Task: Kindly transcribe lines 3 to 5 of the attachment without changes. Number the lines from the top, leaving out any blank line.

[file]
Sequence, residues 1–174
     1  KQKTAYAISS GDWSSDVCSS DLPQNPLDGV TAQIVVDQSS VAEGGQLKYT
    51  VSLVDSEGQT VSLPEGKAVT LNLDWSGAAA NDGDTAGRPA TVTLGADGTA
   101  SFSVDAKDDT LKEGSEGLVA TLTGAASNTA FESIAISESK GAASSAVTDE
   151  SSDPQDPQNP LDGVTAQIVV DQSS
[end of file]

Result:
    51  VSLVDSEGQT VSLPEGKAVT LNLDWSGAAA NDGDTAGRPA TVTLGADGTA
   101  SFSVDAKDDT LKEGSEGLVA TLTGAASNTA FESIAISESK GAASSAVTDE
   151  SSDPQDPQNP LDGVTAQIVV DQSS